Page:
User:IssaRice/Computability and logic/Model as the representation and as that which is represented

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From the preface (written by Jesús Mosterín) of María Manzano's Model Theory (p. ix):

In ordinary language, as well as in scientific language the word model is used in two distinct and opposite senses. They both have to do with the relation between a representation and that which is represented. The problem lies in that the model is sometimes identified with the first term of the relation (i.e. the representation), and sometimes with the second one (i.e. that which is represented). Thus, in the first sense, it is said that the artefact in reduced scale which represents a boat or an airplane is a model of the boat or the airplane. Also, in economy or in cosmology one speaks of econometric models or cosmological models, where those are understood as certain mathematical representations of the market or the universe. In mathematical logic, on the contrary, the representation is called theory, and that which is represented is a model of the theory. This use is contrary to the usual one in the empirical sciences, but it coincides with that of painters and photographers, when they speak of the model (that which is represented) as the object of the painting or the photograph (the representation). It is in this sense that one needs to understand the word model which appears in the theory of models developed by mathematical logicians and expounded in this book.
Example That which is represented The representation "Model" refers to
wikipedia:Scale model The actual physical object (e.g., boat or airplane) The copy/artifact The representation
wikipedia:Scientific model The physical world or reality (e.g., the economy in economics or the universe in cosmology) The mathematical description The representation
Art model Object of the art (e.g., the thing being painted or the thing being photographed) The artwork (e.g., the painting or the photograph) That which is represented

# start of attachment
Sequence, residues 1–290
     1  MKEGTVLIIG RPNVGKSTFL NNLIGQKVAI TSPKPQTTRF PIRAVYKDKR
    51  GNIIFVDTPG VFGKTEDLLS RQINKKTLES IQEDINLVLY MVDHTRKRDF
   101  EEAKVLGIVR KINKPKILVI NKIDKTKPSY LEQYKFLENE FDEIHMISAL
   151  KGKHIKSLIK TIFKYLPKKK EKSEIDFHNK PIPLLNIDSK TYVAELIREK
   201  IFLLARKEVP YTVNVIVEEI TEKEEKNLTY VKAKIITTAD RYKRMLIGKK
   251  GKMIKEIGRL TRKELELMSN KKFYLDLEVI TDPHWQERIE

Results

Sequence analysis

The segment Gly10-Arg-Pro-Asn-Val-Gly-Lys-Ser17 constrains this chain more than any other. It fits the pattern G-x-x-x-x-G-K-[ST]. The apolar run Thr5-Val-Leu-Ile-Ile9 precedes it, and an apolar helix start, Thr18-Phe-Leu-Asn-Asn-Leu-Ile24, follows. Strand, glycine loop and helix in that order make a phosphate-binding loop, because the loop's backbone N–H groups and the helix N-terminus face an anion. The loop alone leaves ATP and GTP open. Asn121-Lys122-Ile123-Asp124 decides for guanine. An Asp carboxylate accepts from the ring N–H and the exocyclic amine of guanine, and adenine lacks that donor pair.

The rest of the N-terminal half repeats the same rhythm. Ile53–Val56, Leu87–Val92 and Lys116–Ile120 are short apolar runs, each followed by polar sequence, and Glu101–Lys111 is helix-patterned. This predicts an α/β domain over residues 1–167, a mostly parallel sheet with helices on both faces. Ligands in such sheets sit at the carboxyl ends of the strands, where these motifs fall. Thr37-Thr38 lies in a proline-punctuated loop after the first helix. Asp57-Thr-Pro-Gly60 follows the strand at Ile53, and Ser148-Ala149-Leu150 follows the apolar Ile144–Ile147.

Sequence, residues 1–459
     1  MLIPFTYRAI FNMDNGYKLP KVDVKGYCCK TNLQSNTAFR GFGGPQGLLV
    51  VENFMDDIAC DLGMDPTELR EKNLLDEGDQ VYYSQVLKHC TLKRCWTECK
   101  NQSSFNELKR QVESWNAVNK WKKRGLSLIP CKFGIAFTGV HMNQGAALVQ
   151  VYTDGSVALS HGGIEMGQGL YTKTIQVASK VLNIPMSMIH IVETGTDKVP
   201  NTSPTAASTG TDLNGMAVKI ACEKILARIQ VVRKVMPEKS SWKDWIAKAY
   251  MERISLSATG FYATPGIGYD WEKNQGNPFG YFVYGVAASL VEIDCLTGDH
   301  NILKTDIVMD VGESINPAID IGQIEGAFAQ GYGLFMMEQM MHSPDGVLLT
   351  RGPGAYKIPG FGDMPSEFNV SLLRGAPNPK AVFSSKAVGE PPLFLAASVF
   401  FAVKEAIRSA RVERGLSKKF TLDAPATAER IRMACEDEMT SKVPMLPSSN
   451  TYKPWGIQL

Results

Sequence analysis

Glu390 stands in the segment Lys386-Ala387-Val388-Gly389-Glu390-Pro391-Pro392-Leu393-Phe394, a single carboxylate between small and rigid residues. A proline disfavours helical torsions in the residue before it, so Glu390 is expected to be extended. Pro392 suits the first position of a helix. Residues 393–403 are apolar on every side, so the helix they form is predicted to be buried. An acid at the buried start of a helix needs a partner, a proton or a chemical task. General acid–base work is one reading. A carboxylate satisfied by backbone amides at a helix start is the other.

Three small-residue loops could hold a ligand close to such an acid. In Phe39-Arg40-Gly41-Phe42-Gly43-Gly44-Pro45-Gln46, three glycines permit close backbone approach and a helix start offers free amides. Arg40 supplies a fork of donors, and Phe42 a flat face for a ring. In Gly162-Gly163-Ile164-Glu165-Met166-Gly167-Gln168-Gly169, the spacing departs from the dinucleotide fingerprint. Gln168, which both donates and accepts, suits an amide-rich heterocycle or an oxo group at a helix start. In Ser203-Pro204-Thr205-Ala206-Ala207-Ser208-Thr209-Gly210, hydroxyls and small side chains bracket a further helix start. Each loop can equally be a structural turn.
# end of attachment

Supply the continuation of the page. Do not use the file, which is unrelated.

Model in mathematical logic The "mathematical reality" (e.g., arithmetic) Theory That which is represented

Remark 2.1.15 in Tao's Analysis I:

Historically, the realization that numbers could be treated axiomatically is very recent, not much more than a hundred years old. Before then, numbers were generally understood to be inextricably connected to some external concept, such as counting the cardinality of a set, measuring the length of a line segment, or the mass of a physical object, etc. This worked reasonably well, until one was forced to move from one number system to another; for instance, understanding numbers in terms of counting beads, for instance, is great for conceptualizing the numbers 3 and 5, but doesn’t work so well for -3 or 1/3 or \sqrt{2} or 3 + 4i; thus each great advance in the theory of numbers – negative numbers, irrational numbers, complex numbers, even the number zero – led to a lot of unnecessary philosophical anguish. The great discovery of the late nineteenth century was that numbers can be understood abstractly via axioms, without necessarily needing a concrete model; of course a mathematician can use any of these models when it is convenient, to aid his or her intuition and understanding, but they can also be just as easily discarded when they begin to get in the way.

Tao's quote is a little tricky, because now we have three layers: (1) the physical objects that approximate number systems (e.g., counting beads); (2) the abstract mathematical structure (the number system); (3) the formal language theory (a bunch of symbols being shoved around on paper). And Tao seems to be using "model" to mean (1) rather than (2).

See also https://terrytao.wordpress.com/2015/09/29/275a-notes-0-foundations-of-probability-theory/ I think these notes are using "model" in yet another sense...